Friday, March 12, 2010

Sibling Rivalry

The Religious Reich apparently is feeling a little left out. The social conservative wing of the Republican Party has noticed the incredible coverage the fiscally conservative Tea Partiers have gotten over the past year and have decided to take action, according to this L.A. Times article:

For most of a year, the small-government advocates of the "tea party" movement have stolen the spotlight from the Republican Party's veteran performers: the Christian conservatives who have long driven voters to the polls for the GOP.

Now the veterans are stealing the tea partyers lines.

In news releases, mission statements and interviews, prominent social conservatives increasingly are using the small-government rhetoric popular with the tea party activists and long used by economic conservatives -- but with a religious bent. ...

"The reason why social conservatives and economic conservatives can play well together . . . is the guy who wants to go to church all day just wants to be left alone. So does the guy who wants to play with his gun all day, and the guy who wants to make money all day," said Grover Norquist, president of Americans for Tax Reform. "They don't agree on how to spend their time, but they do agree on their central issue: They want to be left alone."

Left alone, but certainly not left behind, apparently. Like the only child suddenly confronted with a new baby sister, the Religious Reich wants some of the attention. It also wants politicians to remember who knocked on doors and gathered voters for them during the last two decades. The recent CPAC meeting must have given social conservatives a real wake-up call.

Still, social issues took a back seat to talk of constitutional principles and government spending at the podium at last month's Conservative Political Action Conference, an annual showcase of the right.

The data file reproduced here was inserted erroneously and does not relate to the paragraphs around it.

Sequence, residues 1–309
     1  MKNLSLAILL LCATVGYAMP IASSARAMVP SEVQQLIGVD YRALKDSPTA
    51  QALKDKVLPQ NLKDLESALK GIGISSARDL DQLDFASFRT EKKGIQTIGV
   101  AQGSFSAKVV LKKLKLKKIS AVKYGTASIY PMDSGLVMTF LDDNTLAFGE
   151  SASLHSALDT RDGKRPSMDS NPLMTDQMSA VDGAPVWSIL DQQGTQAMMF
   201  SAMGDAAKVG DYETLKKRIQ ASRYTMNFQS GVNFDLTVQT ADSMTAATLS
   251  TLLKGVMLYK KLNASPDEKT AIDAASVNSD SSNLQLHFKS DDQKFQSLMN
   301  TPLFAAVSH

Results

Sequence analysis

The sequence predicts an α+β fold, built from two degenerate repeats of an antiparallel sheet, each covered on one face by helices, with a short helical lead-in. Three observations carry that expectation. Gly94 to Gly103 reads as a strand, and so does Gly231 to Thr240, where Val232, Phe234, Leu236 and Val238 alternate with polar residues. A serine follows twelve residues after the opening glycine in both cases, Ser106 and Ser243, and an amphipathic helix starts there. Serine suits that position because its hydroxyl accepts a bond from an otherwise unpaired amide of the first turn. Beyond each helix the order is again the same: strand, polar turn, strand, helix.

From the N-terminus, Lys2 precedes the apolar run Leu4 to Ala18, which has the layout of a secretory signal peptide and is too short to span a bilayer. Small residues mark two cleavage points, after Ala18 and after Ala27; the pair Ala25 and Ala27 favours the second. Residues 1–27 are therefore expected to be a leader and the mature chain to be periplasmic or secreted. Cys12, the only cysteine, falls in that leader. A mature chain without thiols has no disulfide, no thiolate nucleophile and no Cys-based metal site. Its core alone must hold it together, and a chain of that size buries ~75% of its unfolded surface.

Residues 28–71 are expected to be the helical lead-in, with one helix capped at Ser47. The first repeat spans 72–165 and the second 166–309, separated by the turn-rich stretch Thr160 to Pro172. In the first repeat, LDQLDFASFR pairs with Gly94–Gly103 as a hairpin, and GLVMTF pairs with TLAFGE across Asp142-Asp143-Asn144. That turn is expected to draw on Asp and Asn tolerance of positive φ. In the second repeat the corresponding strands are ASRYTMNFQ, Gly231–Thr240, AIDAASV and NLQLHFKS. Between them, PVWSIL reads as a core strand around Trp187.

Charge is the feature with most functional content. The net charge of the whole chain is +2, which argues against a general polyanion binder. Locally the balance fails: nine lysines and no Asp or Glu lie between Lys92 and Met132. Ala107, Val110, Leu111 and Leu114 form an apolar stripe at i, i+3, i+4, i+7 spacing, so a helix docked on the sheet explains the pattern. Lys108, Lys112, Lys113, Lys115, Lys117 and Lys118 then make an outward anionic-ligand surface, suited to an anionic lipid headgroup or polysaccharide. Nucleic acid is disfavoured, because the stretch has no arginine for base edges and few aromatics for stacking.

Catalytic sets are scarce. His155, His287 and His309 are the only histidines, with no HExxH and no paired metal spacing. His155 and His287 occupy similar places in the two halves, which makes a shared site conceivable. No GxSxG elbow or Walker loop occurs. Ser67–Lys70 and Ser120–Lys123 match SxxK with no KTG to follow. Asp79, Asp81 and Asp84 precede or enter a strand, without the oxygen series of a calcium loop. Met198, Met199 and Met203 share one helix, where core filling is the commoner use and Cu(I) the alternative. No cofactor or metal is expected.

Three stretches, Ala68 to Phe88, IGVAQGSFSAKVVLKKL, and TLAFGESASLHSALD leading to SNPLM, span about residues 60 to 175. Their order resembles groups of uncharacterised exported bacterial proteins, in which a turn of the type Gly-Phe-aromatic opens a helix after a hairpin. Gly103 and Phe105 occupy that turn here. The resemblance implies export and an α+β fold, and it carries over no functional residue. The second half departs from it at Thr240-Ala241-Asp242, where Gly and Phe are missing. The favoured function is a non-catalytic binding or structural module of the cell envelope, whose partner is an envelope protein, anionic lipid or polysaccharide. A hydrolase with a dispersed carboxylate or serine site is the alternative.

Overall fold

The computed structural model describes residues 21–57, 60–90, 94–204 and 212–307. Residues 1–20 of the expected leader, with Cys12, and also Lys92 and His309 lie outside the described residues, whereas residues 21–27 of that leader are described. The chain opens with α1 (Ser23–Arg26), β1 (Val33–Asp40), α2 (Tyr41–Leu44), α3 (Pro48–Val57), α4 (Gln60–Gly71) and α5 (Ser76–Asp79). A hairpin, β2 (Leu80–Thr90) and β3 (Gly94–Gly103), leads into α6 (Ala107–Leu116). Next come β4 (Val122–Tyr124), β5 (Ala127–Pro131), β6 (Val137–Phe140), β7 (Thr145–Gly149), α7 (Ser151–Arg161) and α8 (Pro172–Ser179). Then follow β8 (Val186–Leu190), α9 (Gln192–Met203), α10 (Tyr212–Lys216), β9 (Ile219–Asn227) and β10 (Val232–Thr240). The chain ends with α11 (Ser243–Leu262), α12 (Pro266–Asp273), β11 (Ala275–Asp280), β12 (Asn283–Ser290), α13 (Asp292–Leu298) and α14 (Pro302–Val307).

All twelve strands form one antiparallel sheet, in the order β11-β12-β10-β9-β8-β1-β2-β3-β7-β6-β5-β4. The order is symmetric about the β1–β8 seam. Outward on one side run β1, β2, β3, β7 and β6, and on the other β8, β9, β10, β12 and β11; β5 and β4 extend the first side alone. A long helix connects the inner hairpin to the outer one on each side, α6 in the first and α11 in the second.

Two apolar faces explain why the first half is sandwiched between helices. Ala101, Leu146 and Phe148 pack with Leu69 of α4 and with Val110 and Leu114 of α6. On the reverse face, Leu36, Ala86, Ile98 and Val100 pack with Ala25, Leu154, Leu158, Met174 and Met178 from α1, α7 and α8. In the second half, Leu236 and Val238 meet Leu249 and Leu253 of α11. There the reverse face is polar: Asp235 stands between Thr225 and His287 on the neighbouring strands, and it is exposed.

Of the two likely Republican presidential contenders who spoke at the event, former Massachusetts Gov. Mitt Romney made virtually no mention of social issues, a noted departure from a past CPAC appearance. Minnesota Gov. Tim Pawlenty noted briefly that "God is in charge" while focusing most of his remarks on his work cutting spending in his state.

Does this mean that the two groups will meld seamlessly and unite the GOP in time for the November elections? Not exactly, at least not at this point. The Tea Partiers are enjoying the limelight and the big brotherish Religious Reich wants to put the interlopers in their place if they expect him to play nicely with them, although the big brother has changed the metaphor on the issue:

Ken Blackwell, a research fellow at the Family Research Council who has also been active in the tea party movement in Ohio, is among those who see tea partyers as the "younger siblings" in the movement.

Social conservatives are happy to embrace the economic message and those carrying it under the tea party banner "as long as they don't start advocating against traditional marriage or for abortion," Blackwell said, putting the tea parties in their place.

"The sibling is not now the parent," he said.

Tea party leaders, too, have drawn their lines in the sand.

"We've let things like social issues distract us," said Jenny Beth Martin, a founder of the online umbrella group Tea Party Patriots. Her group does not wade into the issues of abortion or marriage. "You know what's the most important social issue today? Putting food on the table."

This is going to be fun to watch, although it may turn out to be the only fun thing in the run-up to November if a real jobs bill doesn't get produced by Congress.

Labels: , ,


Post a Comment

<< Home